Good Times Weekly
Wednesday, 16 January 2008
UC Santa Cruz grad Robert Zabala on the war, his conscience and why he just had to get out of the military
It may sound simplistic, but I have often thought that there would be fewer wars if people with guns stopped shooting them. Throughout U.S. history, hundreds of soldiers have connected with their conscience and objected to military service. But history lessons have tended to cast a heroic light on generals and their battles while leaving acts of conscientious objection to war on the cutting room floor.
Robert Zabala enlisted in the U.S. Marines in 2002 but his experiences in boot camp brought up ethical questions and led to a deeper reflection on the interconnectedness of life. He filed a conscientious objector application in 2004 and on March 29, 2007, U.S. District Court Judge James Ware ruled that Zabala was to be granted an honorable discharge and be released from the Marines within 15 days. Zabala, a graduate of the University of California in Santa Cruz, is now 23 years old and a resident of San Jose. Here, he reveals his journey beyond the military.
When you joined the Marines, what was your motivation?
I was 17 years old and I really wanted to show the world that I was made of something tough, raw and real. Also, I come from a huge long line of people who served in the military. My grandfather served in Vietnam. My grandmother taught officers how to speak Tagalog in Monterey. My mother and father both were in the Navy in the Gulf War.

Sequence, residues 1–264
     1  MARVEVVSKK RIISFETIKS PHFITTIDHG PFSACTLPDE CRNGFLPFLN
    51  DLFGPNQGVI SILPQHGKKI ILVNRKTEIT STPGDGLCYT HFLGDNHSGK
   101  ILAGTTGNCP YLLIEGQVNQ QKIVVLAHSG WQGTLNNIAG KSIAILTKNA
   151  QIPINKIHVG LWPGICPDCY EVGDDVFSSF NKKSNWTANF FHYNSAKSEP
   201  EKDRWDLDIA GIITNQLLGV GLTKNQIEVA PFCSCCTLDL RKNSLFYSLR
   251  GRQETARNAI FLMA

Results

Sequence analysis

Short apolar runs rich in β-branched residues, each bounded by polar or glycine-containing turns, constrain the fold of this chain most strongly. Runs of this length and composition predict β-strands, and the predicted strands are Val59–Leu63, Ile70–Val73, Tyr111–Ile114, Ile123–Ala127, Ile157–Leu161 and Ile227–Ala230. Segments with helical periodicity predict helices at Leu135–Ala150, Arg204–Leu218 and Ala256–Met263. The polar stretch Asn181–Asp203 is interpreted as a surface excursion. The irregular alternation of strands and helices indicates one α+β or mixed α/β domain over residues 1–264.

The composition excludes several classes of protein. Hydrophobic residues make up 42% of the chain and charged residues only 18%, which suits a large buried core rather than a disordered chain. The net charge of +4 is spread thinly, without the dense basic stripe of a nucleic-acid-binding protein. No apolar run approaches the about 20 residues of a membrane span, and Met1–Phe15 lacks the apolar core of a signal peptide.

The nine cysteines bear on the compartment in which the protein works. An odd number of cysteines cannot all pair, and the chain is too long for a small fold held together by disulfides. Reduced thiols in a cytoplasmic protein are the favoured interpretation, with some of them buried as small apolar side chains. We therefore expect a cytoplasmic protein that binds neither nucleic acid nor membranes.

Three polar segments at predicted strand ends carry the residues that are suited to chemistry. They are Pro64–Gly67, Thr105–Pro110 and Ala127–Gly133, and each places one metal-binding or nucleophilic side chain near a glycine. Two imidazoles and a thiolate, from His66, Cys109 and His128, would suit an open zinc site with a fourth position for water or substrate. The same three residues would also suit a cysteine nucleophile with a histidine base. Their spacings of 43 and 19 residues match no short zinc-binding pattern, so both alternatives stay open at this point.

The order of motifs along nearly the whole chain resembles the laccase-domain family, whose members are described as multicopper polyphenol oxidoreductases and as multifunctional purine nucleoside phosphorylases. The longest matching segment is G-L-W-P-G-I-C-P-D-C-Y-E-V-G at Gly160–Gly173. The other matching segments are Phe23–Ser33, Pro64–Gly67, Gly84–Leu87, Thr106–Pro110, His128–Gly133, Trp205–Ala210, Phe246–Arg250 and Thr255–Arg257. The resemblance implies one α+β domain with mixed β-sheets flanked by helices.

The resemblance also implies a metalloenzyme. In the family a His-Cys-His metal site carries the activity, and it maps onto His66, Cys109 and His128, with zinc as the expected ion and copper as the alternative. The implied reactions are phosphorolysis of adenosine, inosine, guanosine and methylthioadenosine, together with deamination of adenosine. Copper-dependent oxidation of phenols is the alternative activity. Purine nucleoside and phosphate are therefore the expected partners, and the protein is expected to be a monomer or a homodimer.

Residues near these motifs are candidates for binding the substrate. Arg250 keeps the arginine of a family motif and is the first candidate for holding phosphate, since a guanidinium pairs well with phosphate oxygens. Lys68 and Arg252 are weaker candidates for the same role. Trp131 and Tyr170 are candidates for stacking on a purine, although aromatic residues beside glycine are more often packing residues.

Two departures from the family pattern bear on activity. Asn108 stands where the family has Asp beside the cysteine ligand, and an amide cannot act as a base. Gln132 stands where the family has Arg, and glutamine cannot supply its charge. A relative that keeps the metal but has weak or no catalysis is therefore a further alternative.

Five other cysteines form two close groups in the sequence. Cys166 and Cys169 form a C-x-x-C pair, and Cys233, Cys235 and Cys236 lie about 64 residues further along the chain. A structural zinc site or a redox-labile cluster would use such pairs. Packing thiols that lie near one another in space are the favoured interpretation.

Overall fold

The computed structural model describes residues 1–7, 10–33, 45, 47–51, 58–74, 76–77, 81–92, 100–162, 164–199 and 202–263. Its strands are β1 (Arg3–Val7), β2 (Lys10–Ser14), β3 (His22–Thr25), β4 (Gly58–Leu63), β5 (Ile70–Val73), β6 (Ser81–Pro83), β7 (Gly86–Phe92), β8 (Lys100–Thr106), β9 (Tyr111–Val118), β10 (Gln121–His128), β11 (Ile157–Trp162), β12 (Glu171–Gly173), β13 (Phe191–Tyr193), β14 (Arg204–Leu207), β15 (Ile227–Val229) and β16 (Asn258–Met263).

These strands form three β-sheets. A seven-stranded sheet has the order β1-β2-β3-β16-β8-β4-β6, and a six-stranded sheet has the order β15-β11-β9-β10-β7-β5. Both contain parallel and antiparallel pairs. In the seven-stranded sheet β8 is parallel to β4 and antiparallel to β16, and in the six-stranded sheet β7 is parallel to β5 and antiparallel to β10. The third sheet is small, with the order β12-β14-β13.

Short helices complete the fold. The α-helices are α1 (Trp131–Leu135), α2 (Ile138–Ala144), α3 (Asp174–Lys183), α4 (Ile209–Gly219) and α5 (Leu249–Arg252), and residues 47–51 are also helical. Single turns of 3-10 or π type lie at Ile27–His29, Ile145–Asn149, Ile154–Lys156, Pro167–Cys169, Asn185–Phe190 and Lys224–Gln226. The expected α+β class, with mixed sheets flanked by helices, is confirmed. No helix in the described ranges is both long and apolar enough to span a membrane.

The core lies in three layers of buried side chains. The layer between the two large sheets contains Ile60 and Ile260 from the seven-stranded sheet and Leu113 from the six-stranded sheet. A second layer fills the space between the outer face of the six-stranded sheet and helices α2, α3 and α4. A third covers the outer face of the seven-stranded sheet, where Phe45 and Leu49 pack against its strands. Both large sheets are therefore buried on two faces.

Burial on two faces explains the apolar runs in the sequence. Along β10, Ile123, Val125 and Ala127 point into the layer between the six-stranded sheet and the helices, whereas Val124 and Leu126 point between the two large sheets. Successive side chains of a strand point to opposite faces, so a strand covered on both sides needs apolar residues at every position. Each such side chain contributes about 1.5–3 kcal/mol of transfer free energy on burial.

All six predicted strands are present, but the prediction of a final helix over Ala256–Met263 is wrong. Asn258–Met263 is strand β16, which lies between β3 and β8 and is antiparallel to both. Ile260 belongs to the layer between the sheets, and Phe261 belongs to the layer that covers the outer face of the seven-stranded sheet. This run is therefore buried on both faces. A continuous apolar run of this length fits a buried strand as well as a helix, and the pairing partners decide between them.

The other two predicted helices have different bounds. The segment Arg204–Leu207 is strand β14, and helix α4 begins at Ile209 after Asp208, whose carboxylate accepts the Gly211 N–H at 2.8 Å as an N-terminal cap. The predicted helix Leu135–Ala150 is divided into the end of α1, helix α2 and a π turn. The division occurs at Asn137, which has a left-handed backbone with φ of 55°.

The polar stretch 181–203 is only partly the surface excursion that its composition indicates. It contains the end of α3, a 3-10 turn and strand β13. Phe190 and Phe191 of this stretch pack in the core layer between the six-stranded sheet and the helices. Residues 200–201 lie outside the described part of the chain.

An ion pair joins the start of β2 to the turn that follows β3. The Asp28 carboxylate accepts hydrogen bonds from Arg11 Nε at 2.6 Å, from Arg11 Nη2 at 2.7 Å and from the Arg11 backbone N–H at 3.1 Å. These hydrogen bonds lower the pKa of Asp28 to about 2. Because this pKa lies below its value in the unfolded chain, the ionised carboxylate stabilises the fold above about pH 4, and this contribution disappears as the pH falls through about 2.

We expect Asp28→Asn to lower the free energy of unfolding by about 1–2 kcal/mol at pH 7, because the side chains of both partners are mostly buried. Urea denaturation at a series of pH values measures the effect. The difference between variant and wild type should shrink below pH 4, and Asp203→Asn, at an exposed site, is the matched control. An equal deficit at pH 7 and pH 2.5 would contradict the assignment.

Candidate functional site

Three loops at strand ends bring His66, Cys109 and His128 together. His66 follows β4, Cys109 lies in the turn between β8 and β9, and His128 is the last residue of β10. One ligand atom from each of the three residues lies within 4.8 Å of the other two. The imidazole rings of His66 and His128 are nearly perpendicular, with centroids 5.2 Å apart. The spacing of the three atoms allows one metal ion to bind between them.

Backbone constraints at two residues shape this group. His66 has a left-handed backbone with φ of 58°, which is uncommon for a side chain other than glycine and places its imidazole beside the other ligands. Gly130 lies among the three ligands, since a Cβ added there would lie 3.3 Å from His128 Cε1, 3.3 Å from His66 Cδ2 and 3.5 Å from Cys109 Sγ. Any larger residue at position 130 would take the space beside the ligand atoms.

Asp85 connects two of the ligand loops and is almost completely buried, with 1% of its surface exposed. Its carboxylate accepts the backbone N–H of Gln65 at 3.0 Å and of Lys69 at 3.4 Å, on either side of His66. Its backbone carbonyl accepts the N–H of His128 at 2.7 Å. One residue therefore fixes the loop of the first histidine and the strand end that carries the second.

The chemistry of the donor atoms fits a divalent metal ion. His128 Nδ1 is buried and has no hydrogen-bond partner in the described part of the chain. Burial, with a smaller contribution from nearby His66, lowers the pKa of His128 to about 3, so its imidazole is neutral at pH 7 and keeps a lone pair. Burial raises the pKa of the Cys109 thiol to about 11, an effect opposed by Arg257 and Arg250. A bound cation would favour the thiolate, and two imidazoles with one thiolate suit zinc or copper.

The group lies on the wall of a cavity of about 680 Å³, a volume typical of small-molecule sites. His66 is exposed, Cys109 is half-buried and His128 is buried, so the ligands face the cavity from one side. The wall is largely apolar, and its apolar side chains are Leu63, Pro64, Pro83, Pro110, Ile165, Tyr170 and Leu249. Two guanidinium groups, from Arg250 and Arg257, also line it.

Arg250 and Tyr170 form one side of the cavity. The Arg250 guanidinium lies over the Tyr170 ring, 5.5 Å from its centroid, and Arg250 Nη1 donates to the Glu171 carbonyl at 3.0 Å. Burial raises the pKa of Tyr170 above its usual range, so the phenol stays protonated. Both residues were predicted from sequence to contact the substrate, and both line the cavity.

Probably the biggest reason that I wanted to join the Marine Corps was that growing up a child so dependent on the welfare state, I felt that I should pay back this debt to society. I grew up on food stamps and free meals you get in public schools - even my college was paid for by financial aid.
What was that recruitment experience like?
I was the easiest sucker they’ve ever recruited! I walked right into that recruiting station and they told me all the things that I wanted to hear. They said, “You’re a smart guy, and a lot of the leadership skills that you’re going to learn in the Marine Corps, you’re going to be able to translate into the real world and you’ll be a better person.” Man, did I fall for it.
Could you choose what you would be doing in the Marines?
The recruiters say, “Hey, you can do this kind of job – you’ll work strictly with radars.” That’s what I was supposed to be, a wireman. When I got to boot camp it turns out that my recruiter didn’t do that at all. I was going to be a rifleman. And after I graduated from boot camp, when I joined up with my reserve unit in San Bruno, I met up with my first sergeant and he looked me over once and said, “Hey, guess what? You’re going to be a machine gunner now.” It’s that funny little clause in the contract that you sign that says at anytime they can change what you’re doing or where you’re stationed. Read article